1957 - 1958

Hold That Hypnotist     Spook Chasers     Looking For Danger     Up in Smoke     In The Money


The Boys: Huntz Hall ("Sach"), Stanley Clements ("Duke"), David Gorcey (as David Condon) ("Chuck"), Jimmy Murphy (Myron)

With Jane Nigh, Robert Foulk, James Flavin, Queenie Smith
Directed by Austen Jewell

    An improvement over Hot Shots, due to a more committed Huntz Hall, Hold That Hypnotist revisits various Bowery Boys plots, especially that of Ghost Chasers, as Duke tries to prove that a popular hypnotist is a fake.  The hypnotist fails to put Duke under his spell, but Sach is accidentally hypnotized and regresses  back to a a past life when he was a colonial tax collector named Algie Wilkes (stick with me). In a marvelous flashback scene, Algie wins a treasure map from Blackbeard the Pirate, so the film revolves around both the crooked hypnotist and his gang and the boys themselves trying to locate the map and the treasure.

    Hall brings his A-Game to the movie, making it good for some solid laughs.  Yet, three films into the post-Leo Gorcey era, it is still hard not to notice how little anybody else is contributing, and although I like actor Stanley Clements, I find myself increasingly irritated with his character of Duke.  Who is the guy who is yelling at Sach and running the gang?  Who got drunk, quit the series and made him king?

    Oh, yeah.  Leo Gorcey. 


The Boys: Huntz Hall ("Sach"), Stanley Clements ("Duke"), David Gorcey (as David Condon) ("Chuck"), Jimmy Murphy ("Myron"), Eddie LeRoy (Blinky)

With Darlene Fields, Percy Helton, William Henry
Directed by Austen Jewell

    Spook Chasers is a painfully unfunny and loud haunted house comedy that truly makes me wish the series had ended with Leo Gorcey's exit after Crashing Las Vegas.  There's no reason to say anything about the plot - just assume that there's a house, there's some hidden money, and there's some gangsters.  What concerns me more is why they thought that it would be perfectly fine to bring back the Louie's Sweet Shop set, hand it over to character actor Percy Helton, call it "Clancy's Cafe" and pretend that everything was just like the old days.  Percy Helton was a popular character actor with a mousy face and a wheezy voice and While I respect his long career, and had no problem with him in the earlier Bowery Boys film Jail Busters but I simply cannot take him in large doses, and Spook Chasers features Helton in a very large dose.  Suffice to say, this actor used to scare me as a kid.  He is no substitute for Bernard Gorcey.

    As can be gleaned from above, the plot of Spook Chasers is a rehash of Abbott and Costello's Hold That Ghost, as well as every other Bowery Boys haunted house comedy, and there is nothing in it that we haven't seen a thousand times before in far funnier films like, oh, Hold That Ghost.  There's much banging, clanging, crashing, screaming and running around in an effort to substitute action and sound for real gags.  Although I have defended Stanley Clements as an actor in other reviews, he is just a placeholder.  There is nothing intrinsically amusing about him (he's not funny looking like Leo and Huntz), and despite a couple of laugh lines here and there, he seems to exist solely to yell things like "I'll break your head!" at Sach.  Unlike Bud Abbott or Dean Martin, Clements is not a natural straightman for his screen partner.  He has no timing or talent at reigning Huntz Hall in, which is unfortunate, given his fine rapport with Carl Switzer in Going My Way years earlier.  If his character of Duke was more like an adult Tony Scaponi, the fast-talking, affable wiseguy with a good heart, he might have fit in better with Hall.  But Duke is strictly one-dimensional.  Sach says or does something, and Duke threatens him with violence.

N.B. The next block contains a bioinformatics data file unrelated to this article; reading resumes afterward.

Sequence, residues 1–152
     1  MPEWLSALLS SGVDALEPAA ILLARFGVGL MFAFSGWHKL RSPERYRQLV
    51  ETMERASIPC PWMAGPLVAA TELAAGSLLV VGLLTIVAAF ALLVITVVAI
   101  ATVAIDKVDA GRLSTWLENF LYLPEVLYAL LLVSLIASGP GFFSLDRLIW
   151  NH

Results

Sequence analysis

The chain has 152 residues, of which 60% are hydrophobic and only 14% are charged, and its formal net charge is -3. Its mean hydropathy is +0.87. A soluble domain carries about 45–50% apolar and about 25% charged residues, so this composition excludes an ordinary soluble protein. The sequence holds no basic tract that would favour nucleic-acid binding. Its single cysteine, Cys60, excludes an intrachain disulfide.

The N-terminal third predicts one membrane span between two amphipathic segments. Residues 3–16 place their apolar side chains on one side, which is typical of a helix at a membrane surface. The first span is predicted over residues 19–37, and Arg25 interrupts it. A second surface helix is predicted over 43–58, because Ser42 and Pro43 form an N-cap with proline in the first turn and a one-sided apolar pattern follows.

This is one of those rare films where Huntz Hall tries so hard to get laughs, he is irritating rather than amusing.  While there are a few funny Sach lines and gags here and there, for the most part Hall misses the mark.  Reviving the character of Blinky, played by Gabe Dell in the final East Side Kids film Come Out Fighting and by Eddie LeRoy here does nothing to help.

NOTE: As friend, actor and Bowery Boys fan Derek Taylor Shayne noted, Percy Helton would have been perfect as Scabbers, or, more to the point, Peter Pettigrew, in the Harry Potter films.  A more mouselike character actor never existed!


The Boys: Huntz Hall ("Sach"), Stanley Clements ("Duke"), David Gorcey (back to just "David Gorcey") ("Chuck"), Jimmy Murphy (Myron), Eddie LeRoy ("Blinky")

With Lili Kardell, Richard Avonde, Dick Elliot, Otto Reichow
Directed by Austen Jewell

    Looking for Danger, a so-so Bowery Boys comedy, is yet another attempt to pretend that everything is just as it always was. Once again, the film begins with the Boys hanging out on the Louie's Sweet Shop set, now Clancy's Cafe with Dick Elliot replacing Percy Helton as Mike.  Toward the end of the film, Chuck, Myron and Blinky are called in to rescue Sach and Duke from the clutches of the Nazis, the way Chuck and Butch used to come in at the end of films to take care of the fighting.  At one point, Duke even calls out "Routine 29!".  Most ridiculously, the caricatures of Huntz Hall and Leo Gorcey have returned to the opening credits, except that Gorcey's caricature has been altered in a vague attempt at making it look like somebody else.  Who, I don't know.  It may be Stanley Clements, but it looks nothing like him.

    Clements and Hall even reprise one of the best Bowery Boys routines, the one where Sach gets so caught up in being slapped around and interrogated, he throws the interrogator in the chair and begins slapping him around.  The scene was inspired in Private Eyes, but it falls flat in Looking for Danger, due to a lack of commitment to the material.  In the film's favor is one of the best gags the team ever executed, in which a government agent tracks down Duke after many years and mentions some missing army property, and the Boys immediately produce an entire cache of stuff they've hoarded over the years.